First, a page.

KANNAPOLIS — In 2019, Dontae Jimmie attended a “kid’s science camp” at the Yukon River fish camp in Alaska led by Dr. Mary Ann Lila, professor at N.C. State University, and Dr. Kriya Dunlap, associate professor at University of Alaska-Fairbanks. Jimmie, now a rising senior in high school, lives in the village of Northway, Alaska, population 338. This month, Jimmie, along with five other Alaska Native students, accompanied by Dr. Dunlap, traveled more than 4,000 miles to Kannapolis (population nearly 55,000) for another educational enrichment experience: one hosted by Dr. Lila at NC State University’s Plants for Human Health Institute (PHHI).
At the fish camp, students collected biological specimens (samples of wild Alaska native plants) from the area to run “Screens-to-Nature” biodiscovery assays. One goal was to recognize the value of their native resources and the potential for yet-to-be-recognized health applications. The experiments were designed to be carried out in the field without the need for high tech equipment. The kids ran around by the riverbank and carried out their science experiments over a two-day period on a folding table set up under a tent.
The opportunity to visit PHHI at the North Carolina Research Campus offers a chance to experience the high-tech side of science. The students put on their lab coats and paired up at the shiny black lab benches to practice micropipetting, run a simulated Covid PCR test, prepare a gel electrophoresis, and use a refractometer to evaluate fruit quality. They also repeated the biodiscovery kits under a controlled environment and discussed the challenges and limitations of field experiments. Of course, though, in the lab they didn’t have access to the diversity of biological samples that had been available in Alaska.
Laura Ekada, from Nulato, Alaska, is an undergraduate at the University of Alaska-Fairbanks, and took Organic Chemistry with Dr. Dunlap this past year. Her takeaway from the experience is exactly what Lila and Dunlap hoped to achieve. Ekada says, “I was introduced to a facility where I got to see science in action, making it feel more plausible for me. I can see myself here.”
Coupling Research and Outreach
It’s not uncommon for research grants to include an outreach component. In this case, the USDA grant, Back to the River: The science behind Alaska’s traditional subsistence lifestyle, aims to evaluate the phytochemical activity of the native Alaskan blueberry and other wild native plants from the tundra. Lila said, “Our goal in this grant was to emphasize to the students the outstanding health-related properties of their wild plants, which are already well established in Alaskan traditional ecological knowledge. We combined bioassays to reveal plant health-related properties with research on sled dogs, which are a pervasive feature in Alaskan life, and can serve as a sentinel for human health. That is, the racing sled dogs are a wonderful model to mimic human health responses to eating Alaska native plant resources especially combined with intense physical exercise.”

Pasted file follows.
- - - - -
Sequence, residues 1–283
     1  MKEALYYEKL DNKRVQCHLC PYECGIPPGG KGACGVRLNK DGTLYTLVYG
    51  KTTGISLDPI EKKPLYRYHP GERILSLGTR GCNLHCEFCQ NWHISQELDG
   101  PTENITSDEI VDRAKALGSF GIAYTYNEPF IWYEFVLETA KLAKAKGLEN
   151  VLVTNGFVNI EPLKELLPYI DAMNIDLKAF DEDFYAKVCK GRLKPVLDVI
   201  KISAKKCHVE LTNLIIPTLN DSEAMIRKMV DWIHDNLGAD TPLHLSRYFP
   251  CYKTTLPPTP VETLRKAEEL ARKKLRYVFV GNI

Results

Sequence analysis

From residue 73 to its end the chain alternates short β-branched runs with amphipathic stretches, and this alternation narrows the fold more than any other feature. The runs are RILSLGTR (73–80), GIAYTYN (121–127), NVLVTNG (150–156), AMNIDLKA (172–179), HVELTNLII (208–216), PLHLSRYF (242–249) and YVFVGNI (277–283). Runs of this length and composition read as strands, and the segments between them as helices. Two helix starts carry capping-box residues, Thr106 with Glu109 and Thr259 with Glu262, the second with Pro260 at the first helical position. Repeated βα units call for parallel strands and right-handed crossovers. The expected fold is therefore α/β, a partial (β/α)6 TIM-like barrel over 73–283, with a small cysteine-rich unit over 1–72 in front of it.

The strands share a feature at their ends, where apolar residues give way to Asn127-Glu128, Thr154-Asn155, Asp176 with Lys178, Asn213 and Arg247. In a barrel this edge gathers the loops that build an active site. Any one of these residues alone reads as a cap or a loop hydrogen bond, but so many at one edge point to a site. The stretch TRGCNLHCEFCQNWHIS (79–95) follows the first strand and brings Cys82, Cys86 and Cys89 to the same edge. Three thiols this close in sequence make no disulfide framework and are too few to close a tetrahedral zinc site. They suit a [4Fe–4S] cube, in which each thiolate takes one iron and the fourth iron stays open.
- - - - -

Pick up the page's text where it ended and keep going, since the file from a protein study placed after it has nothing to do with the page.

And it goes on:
This student outreach provided the opportunity to demonstrate how Alaskan native resources can provide value for people outside of the Native population, if we can capture their bioactivity in food products or dog treats. In addition to the lab explorations, the group toured the NC Food Innovation lab and met with food scientists to learn how resources can be transformed into practical, food-grade ingredients. The students met with professors who have used wild berries in clinical trials and in product development, and they met with local industry partners who are interested in expanding on their research to create new products.
Lila and Dunlap have been working together for several years on this grant to evaluate the effect of native Alaskan blueberry consumption on inflammation in sled dogs. Dunlap’s father raced sled dogs professionally, so she has a wealth of knowledge and experience with their training regimen and their physiology. Her career path led her to biochemistry where her research, in part, includes looking at the effects of the phytochemicals in native Alaskan plants, like Vaccinium uliginosum or the “bog blueberry” on human (and animal) health.
Lila explains that while sled dogs may at first glance seem to be an unusual pre-clinical choice to evaluate health effects, their defined breed characteristics, controlled diet and controlled exercise allow for better dietary intervention observations. In this particular research project, the dogs were fed wild Alaskan blueberries in addition to their usual kibble. After a period of exercise, a blood sample was collected to test for biomarkers of inflammation. The hypothesis is that the phytochemicals in the blueberries will reduce inflammation and provide immune protection after exercise. Animals (and humans) are most vulnerable to viral infections after intensive exercise, and a simple intervention like dietary berries can boost immunity for an athlete.
As the research continues, Lila and Dunlap hope to involve more undergraduate and graduate students to work on specific aspects of the project. Their excitement about their research inspires students about career possibilities and underscores the value of their native berries and the value of their health benefits.